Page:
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Sunday, January 16, 2022
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Beitzah 12a and 15b

Although cooking food on Yom Tov for a Yom Tov meal is permitted, cooking or preparing a meal on one day of Yom Tov for the following day is prohibited. This prohibition applies equally whether tomorrow is a weekday, a Yom Tov or a Shabbat. This is because one is not allowed to misuse the rest day in “hachanah,” preparation for another day. But what happens when Yom Tov is on Friday? May one cook on Friday for Shabbat? Or is this also considered hachanah and prohibited?

The answer is that Biblically, it is permitted to cook during the day on a Friday Yom Tov for Shabbat. The Talmud gives two reasons why the Torah permits cooking on Yom Tov for the following Shabbat day. According to Rabbah, it is because you never know how much food you may need on Yom Tov. There is always the possibility that unexpected guests may arrive. And “since” you are allowed to cook on Yom Tov for possible guests, you may also cook for Shabbat.The logic of “since,” on which Rabbah bases the permit, is referred to in Halacha as “ho’il.” According to Rav Chisda, both Yom Tov and Shabbat are frequently referred to in the Torah as “Shabbat.” Accordingly, the permission given by the Torah to cook on Yom Tov applies not only to the Yom Tov meal, but also to the Shabbat meal prepared on Yom Tov for the following Shabbat day. As pointed out by Tosafot, there is a practical difference between the two approaches. According to Rabbah, it would be Biblically prohibited to cook on Friday afternoon, shortly before sundown, because by that time, any Yom Tov guests would have come and gone. According to Rav Chisdah, however, this would be permitted.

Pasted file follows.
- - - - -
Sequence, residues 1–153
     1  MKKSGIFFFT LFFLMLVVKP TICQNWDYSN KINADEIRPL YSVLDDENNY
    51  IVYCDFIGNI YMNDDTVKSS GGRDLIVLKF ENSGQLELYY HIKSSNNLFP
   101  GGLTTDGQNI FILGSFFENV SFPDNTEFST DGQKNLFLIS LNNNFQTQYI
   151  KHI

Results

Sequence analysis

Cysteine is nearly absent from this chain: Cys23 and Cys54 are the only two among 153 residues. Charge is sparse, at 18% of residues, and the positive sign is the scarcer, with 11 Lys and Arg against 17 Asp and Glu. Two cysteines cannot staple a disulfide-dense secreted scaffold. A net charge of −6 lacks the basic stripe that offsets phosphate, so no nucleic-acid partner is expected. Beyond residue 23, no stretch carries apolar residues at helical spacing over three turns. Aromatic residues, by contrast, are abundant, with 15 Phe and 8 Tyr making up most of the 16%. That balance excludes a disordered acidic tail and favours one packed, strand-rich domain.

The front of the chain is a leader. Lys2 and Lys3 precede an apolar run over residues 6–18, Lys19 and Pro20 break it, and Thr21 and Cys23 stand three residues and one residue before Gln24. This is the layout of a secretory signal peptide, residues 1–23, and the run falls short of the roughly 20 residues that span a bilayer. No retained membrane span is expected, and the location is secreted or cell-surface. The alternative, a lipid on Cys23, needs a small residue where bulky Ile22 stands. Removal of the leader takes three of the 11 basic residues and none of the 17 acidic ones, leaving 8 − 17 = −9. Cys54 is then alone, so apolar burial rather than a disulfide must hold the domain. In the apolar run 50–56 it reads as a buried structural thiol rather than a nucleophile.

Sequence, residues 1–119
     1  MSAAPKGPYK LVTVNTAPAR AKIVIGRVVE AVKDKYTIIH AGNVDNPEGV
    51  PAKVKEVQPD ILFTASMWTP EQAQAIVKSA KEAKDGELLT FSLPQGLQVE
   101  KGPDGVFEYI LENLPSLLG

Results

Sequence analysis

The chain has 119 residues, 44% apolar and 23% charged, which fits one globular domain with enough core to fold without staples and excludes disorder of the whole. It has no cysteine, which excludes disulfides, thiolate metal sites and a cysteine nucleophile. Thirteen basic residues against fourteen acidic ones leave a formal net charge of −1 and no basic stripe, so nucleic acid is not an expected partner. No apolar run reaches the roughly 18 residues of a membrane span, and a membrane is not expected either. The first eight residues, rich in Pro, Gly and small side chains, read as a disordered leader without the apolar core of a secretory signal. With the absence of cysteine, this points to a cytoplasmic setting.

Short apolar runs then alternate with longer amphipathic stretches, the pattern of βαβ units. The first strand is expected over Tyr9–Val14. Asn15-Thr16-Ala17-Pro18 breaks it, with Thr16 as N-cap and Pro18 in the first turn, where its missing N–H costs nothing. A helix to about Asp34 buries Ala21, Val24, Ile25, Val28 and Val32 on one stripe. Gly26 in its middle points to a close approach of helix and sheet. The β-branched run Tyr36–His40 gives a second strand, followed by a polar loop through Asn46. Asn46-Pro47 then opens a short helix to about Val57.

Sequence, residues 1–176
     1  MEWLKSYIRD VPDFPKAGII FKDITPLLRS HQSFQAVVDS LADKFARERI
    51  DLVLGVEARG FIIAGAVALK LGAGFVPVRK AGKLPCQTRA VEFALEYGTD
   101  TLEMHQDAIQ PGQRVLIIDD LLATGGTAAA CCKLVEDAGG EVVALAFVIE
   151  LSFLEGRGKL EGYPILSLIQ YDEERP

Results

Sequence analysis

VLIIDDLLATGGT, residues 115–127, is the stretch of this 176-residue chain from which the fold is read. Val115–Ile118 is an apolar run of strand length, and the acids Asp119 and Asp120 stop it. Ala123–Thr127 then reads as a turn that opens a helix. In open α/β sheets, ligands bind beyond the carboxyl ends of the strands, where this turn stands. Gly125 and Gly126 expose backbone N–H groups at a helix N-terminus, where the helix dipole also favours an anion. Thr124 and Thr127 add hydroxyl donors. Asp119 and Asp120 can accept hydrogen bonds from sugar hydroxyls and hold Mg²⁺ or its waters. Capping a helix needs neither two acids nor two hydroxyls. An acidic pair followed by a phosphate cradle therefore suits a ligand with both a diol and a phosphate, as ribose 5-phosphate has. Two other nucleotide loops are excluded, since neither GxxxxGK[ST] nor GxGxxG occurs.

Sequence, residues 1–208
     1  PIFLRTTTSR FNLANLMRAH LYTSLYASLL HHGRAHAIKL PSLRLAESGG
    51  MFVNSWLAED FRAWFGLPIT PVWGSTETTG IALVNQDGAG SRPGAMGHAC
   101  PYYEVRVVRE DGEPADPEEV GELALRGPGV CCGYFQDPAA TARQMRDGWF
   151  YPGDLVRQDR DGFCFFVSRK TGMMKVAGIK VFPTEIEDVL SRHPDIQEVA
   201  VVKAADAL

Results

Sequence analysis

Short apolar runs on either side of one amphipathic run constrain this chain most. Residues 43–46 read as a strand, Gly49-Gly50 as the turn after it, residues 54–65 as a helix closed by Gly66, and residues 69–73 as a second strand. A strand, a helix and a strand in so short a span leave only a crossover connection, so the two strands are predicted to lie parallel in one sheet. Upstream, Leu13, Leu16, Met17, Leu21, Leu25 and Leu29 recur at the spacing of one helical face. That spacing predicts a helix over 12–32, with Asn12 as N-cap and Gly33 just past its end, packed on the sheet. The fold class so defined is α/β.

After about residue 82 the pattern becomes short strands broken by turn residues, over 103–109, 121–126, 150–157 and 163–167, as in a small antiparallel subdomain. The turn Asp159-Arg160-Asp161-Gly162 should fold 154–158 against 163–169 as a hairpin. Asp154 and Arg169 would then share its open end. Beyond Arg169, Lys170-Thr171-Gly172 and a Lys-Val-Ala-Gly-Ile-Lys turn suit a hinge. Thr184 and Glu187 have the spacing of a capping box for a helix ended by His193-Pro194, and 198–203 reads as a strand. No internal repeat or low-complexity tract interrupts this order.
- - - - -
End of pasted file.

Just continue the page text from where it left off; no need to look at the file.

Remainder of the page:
Despite the fact that the Torah permits cooking on Yom Tov for the following Shabbat day, both Rabbah and Rav Chisdah forbid it unless one performs, on Erev Yom Tov, a special ceremony called “Eruv Tavshilin.” Eruv Tavshilin is a ceremony in which one makes minimum preparation for Shabbat on Erev Yom Tov by setting aside some bread and some cooked food for the Shabbat meal. In this way, the Shabbat meal has already been prepared before Yom Tov and all that is required on Yom Tov is its completion. This bridge, spanning from Erev Yom Tov to Shabbat, makes Rabbah more comfortable relying on the hoi’l exemption described above. The Eruv Tavshilin ceremony honors both the Yom Tov and the Shabbat. It honors the Yom Tov, because people who see that there is a Rabbinic prohibition to cook on Yom Tov, even for Shabbat, without the Eruv, will never violate the Yom Tov by cooking for a weekday. It honors the Shabbat by focusing one’s mind, which is already on Erev Yom Tov, on the needs of Shabbat, which might otherwise lie unattended in the shadow of Yom Tov. Based on the words of the Torah, “Tomorrow is a day of rest… bake what you want to bake and cook what you want to cook, today,” the cooked food, typically an egg or piece of meat, that one sets aside on Erev Yom Tov, as part of the Eruv, permits one to cook on Yom Tov for Shabbat, and the bread one sets aside permits one to bake.